The 14 Hidden Rules Of LinkedIn: How To Stand Out, Get Hired, And Win New Customers
LinkedIn is a game. Here's how to play it the right way.
LinkedIn is a goldmine, but most people don’t use it to its full potential.
As of writing, I’ve got over 30k followers and connections — but I didn’t get here overnight. It took lots of small interactions to build my audience — and with LinkedIn, you get out what you put in.
The following information is not a LinkedIn 101 guide. I’ll assume you already know how to set up your profile, add photos, and list your accomplishments. If you don’t, many guides online can help you with this.
This post is a collection of my hard-won lessons on standing out from the sea of sameness and gaining connections and opportunities. My goal is to help you level up and get noticed faster.
On to the rules.
The 14 hidden rules of LinkedIn
The rules of LinkedIn are simple:
LinkedIn is not a job site — it’s a networking platform (big difference)
Commenting is more effective than writing your own content
A defined personal brand is better than a split personality
Endorse and recommend people to get more in return
Connection notes lower people’s defenses
Switch up your content topics and formats
You’ve always got something useful to say
’Going viral’ is not a sustainable strategy
Keywords are your keys to success
DMs are where the magic happens
LinkedIn Premium is a cheat code
The search bar is your best friend
Use the Reach & Teach method
Be friendly and approachable
Let’s dive into each one.
#1 LinkedIn is not a job site - it’s a networking platform
If someone told you an iPhone was only good for calls and texts, you’d look at them funny.
Yes, an iPhone can do those things, but it also lets you tweet, calculate math problems, prepare monthly budgets, shoot films, take photos, and play games.
It’s the same with LinkedIn. You'll be disappointed if you only view LinkedIn as a job site.
This is because while you can find jobs on the platform, you can get so much more out of it — such as new professional opportunities (like joining a board), new contacts (like meeting a mentor), and new clients for your book, course, or business.
Expand the definition of what you can do with LinkedIn and you’ll have a much better time on the platform.
#2 Commenting is more effective than writing your own content
On TikTok, Instagram, Facebook, and Twitter, there’s a difference between your feed content (what’s on your wall) and your engagement content (the comments, likes, and shares you leave on other people’s content).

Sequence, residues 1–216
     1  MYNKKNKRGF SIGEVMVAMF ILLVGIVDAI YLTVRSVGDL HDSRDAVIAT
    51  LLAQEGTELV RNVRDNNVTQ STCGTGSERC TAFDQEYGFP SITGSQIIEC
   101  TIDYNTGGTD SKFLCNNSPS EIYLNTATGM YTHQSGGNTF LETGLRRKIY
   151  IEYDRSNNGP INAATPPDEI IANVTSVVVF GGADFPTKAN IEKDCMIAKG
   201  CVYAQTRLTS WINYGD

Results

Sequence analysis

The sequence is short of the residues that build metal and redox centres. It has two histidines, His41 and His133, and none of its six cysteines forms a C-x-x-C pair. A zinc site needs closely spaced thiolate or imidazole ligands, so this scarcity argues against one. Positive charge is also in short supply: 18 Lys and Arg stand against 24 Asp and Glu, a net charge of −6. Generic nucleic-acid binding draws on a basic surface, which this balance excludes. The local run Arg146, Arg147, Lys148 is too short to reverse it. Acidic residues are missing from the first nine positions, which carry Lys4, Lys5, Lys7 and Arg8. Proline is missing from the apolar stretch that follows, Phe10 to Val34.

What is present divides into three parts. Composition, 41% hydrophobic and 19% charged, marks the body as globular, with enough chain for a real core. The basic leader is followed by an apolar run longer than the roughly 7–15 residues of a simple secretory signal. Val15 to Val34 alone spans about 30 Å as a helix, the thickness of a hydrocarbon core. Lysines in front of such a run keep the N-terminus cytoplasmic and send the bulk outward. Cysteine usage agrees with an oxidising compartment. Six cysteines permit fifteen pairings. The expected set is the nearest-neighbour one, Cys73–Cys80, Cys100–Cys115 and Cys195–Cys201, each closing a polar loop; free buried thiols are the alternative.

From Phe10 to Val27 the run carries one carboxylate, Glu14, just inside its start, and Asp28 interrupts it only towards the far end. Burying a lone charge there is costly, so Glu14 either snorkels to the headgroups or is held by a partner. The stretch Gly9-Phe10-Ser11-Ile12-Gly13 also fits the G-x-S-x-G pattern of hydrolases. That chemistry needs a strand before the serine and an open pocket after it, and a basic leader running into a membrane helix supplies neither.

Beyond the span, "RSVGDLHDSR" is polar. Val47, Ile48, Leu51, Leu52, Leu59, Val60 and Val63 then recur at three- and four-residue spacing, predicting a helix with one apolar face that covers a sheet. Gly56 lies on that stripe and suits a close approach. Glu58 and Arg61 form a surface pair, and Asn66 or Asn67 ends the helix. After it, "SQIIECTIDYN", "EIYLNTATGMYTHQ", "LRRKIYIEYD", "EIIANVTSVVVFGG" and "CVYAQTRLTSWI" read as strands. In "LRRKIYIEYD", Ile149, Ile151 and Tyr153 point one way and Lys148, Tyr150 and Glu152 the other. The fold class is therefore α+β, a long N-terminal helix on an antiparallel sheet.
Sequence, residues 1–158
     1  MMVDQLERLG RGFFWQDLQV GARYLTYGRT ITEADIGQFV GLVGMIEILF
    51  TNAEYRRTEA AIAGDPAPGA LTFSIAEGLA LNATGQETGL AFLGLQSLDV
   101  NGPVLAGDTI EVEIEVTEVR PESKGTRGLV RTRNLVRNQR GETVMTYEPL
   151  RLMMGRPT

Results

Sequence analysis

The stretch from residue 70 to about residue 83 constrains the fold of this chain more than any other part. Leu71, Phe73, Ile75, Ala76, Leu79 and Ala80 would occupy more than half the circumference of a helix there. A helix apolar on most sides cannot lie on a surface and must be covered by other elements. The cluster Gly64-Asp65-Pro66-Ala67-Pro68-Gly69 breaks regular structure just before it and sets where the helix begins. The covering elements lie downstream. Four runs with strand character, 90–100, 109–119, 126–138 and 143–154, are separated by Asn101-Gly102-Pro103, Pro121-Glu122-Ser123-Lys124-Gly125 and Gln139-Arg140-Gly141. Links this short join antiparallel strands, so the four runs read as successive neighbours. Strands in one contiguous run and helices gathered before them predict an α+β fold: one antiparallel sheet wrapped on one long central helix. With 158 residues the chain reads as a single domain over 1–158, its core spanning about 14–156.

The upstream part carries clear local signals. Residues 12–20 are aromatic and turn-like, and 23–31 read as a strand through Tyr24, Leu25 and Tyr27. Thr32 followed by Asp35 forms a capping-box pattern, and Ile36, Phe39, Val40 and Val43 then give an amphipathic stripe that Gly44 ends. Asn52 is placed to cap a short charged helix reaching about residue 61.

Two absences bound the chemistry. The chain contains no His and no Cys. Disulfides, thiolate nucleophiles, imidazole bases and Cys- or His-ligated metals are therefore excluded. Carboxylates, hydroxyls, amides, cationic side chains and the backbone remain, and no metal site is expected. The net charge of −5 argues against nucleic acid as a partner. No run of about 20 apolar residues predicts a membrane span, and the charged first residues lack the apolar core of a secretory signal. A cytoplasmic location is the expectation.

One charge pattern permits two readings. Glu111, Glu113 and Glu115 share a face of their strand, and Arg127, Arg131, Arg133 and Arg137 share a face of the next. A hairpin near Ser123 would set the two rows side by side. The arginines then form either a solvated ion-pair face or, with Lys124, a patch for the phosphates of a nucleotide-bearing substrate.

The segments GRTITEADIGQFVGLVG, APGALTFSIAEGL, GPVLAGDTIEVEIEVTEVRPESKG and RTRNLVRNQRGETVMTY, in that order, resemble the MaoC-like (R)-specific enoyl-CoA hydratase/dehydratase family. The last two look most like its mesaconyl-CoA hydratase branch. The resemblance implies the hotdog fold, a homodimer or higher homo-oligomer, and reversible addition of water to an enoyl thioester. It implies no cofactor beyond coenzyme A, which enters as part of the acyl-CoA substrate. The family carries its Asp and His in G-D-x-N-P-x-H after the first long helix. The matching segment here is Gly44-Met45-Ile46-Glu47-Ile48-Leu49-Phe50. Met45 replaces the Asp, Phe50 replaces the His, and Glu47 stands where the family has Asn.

Those two content types aren’t always displayed together. For instance, if you comment on a hundred Instagram posts but never post your own photos, nobody on Instagram will ever know you’re active.
By contrast, your LinkedIn comments and content are given the same weight, and both appear as content on your profile. Because of this, engaging with other people’s comments is often more effective than creating your own content to drive visibility.
Here’s how to leverage this approach:
Find a few big accounts and set up a notification alert 🔔 for each one
Leave thoughtful comments under their posts that advance the conversation
People will see your comments and either follow you or send connection requests
Rinse and repeat for new accounts you come across
It’s easier and more effective to appear on Oprah’s show than to start your own talk show. Even better when you then go on to appear on Ellen, the Daily Show, Dr. Phil, and the Tonight Show.
Apply the same concept to LinkedIn.
#3 A defined personal brand is better than a split personality
Like you, I have lots of interests, so this truth took me a long time to accept.
Sure, you might be a social media manager, photographer, chef, and writer — but by emphasizing all those interests on your LinkedIn profile, you’re confusing people about the type and depth of content they’ll get.
On LinkedIn, pick one overarching persona and stick to it. It’s best to fold related skills, interests, and services into your main persona. Here are some examples:
If you’re a writer, talk about copywriting, content marketing, and SEO
If you're a photographer, focus on personal branding, visual design, and creativity
If you’re a speaker, focus on thought leadership, running a speaking business, and motivation
A defined LinkedIn persona is more memorable than a chaotic one. If you truly want to indulge all your interests, sign up for (and connect with me on) Polywork.
#4 Endorse and recommend people to get more in return
Your LinkedIn connections can ‘endorse’ different skills on your profile. Endorsements mean people think you’re good at a particular skill, which makes recruiters and prospects more likely to find and pick you over others.
Recommendations are written testimonials from people you’ve worked with or worked for. Having lots of recommendations means you’re trusted by other people.
Endorsements + Recommendations = Social proof.
Also, an endorsement by someone skilled in a particular area is worth more than someone who’s not so skilled (as measured by the number of endorsements they have for that skill.
For example, if Mark Zuckerberg endorses you for ‘social media,’ LinkedIn will highlight that endorsement to anybody who comes across your profile.
So, how do you get more endorsements and recommendations? Simple: by endorsing and recommending other people. When you give a lot, you get more in return.
Try it today: endorse any five skills on my LinkedIn profile, and I’ll endorse a few of yours in return. (Note: You must be connected on LinkedIn to endorse someone).
#5 Connection notes lower people’s defenses
Connection notes are messages you add when sending a connection request. They’re meant to help the other person understand why you’re connecting or where they might know you from.
Most LinkedIn users are skeptical of pitch slaps — getting added just to get pitched immediately (here’s how to pitch them back). Connection notes lower this defense and make people more likely to trust you
My standard connection note is simple: “Good to connect with a fellow [mutual role].”
Good to connect with a fellow social media manager
Good to connect with a fellow talk show host
Good to connect with a fellow photographer
Good to connect with a fellow chef
Assuming you have a decent LinkedIn profile, this line works 99% of the time. People love to connect with others in their professional tribe.
I also use connection notes for people I’ve come across on other channels. For example, if I’m watching a Netflix documentary, I’ll often send LinkedIn requests to the people interviewed: “Loved your thoughts on the Netflix show. Good to connect on LinkedIn.”